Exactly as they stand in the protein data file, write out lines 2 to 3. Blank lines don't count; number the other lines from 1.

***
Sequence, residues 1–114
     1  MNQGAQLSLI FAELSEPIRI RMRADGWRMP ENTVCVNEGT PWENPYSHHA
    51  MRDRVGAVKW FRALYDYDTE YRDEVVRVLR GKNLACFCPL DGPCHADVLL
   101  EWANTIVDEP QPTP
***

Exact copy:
     1  MNQGAQLSLI FAELSEPIRI RMRADGWRMP ENTVCVNEGT PWENPYSHHA
    51  MRDRVGAVKW FRALYDYDTE YRDEVVRVLR GKNLACFCPL DGPCHADVLL